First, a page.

Jerusalem: 51 Years of Occupation

Jerusalem: 51 Years of Occupation Jerusalem Exhibition : 51 Years of Occupation

Jerusalem: 51 Years of Occupation

JERUSALEM: 51 YEARS OF OCCUPATION
COLLECTIVE EXHIBITION

21 APRIL - 14 JUNE 2018

 

The overwhelming significance of the physicality of Jerusalem as a national symbol permeates many of the artworks. The iconic representation of the Dome of the Rock comes to the fore as some artists celebrate the city via exceptionally colorful works, especially those by Fouad Agbaria, Ibrahim Nobani, Osama Said, Dina Mattar, the late Issam Bader, and to an extent Ahed Izhiman. Conversely, a strong sense of melancholy and grief overshadows the charcoal works of Nabil Anani, Hosni Radwan, and the photorealism painting of Adam Shehada, where the cities lose its color. Similarly, Sliman Mansour calls in his artwork upon the ghosts of the past to haunt the city’s present time. Khaled Hourani presents a man struggling to hang up a sign of Jerusalem written in Arabic. The Wall in Tayseer Barakat and Mohammad Joulani’s artworks is a prominent feature, while Fayez Sirsawi presents a diary of students’ daily life under occupation.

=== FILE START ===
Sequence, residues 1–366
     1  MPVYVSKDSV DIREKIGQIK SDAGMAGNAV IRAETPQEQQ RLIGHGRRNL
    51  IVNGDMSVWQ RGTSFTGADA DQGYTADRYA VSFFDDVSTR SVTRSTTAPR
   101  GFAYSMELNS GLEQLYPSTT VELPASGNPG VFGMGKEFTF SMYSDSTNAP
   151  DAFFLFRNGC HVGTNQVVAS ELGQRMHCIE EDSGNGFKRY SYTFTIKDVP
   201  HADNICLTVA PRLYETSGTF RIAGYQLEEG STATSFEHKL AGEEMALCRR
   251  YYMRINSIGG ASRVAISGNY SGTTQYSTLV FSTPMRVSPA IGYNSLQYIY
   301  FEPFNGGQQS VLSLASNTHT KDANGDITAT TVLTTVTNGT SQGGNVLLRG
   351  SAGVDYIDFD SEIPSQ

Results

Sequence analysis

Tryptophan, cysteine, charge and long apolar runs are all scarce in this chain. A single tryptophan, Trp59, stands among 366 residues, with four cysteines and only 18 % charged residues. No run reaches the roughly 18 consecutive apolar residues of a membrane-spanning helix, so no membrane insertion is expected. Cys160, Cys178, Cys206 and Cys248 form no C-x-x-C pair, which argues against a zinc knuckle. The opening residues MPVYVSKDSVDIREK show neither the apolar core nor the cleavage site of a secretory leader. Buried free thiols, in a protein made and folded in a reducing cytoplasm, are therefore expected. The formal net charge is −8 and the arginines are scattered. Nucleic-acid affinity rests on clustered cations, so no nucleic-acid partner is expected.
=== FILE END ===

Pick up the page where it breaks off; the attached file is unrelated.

The exhibition also showcases contemporary artists’ perspectives on the socio-political issues surrounding the city’s ongoing occupation. The racial discrimination practices towards Palestinians by the Israeli regime are the subject of Yazan Khalili’s artwork, while Benji Boyadgian’s work is a journey in time in the midst of the complex and fragmented Palestinian landscape of the 21st century “Mega Jerusalem.” Rana Samara’s work focuses on the sights of demolished homes highlighting Israel’s illegal policy of house demolitions and ethnic cleansing. Rehab Nazzal’s photography work focuses on demonstrations against the Israeli regime’s policies in the city through an ironic scene that reveals from a distance a masked demonstrator taking a rest amid a cloud of intensive smoke. Michael Hallaq, on the other hand, explores touristic objects that can be found abundantly at souvenir shops around the city, capturing a different layer of “the holy” city that remains popular with tourists even though it is detached from reality. Rawan Khaliliyeh’s artwork is an exploration of the aesthetics of old wooden slabs that are used in building sites, which are scarce in the eastern part of the city due to building restrictions. Varvara Razak attempts to combine traditional symbols presented in the transformation of a Knafeh triangular piece into a traditionally embroidered cushion sold in souvenir shops.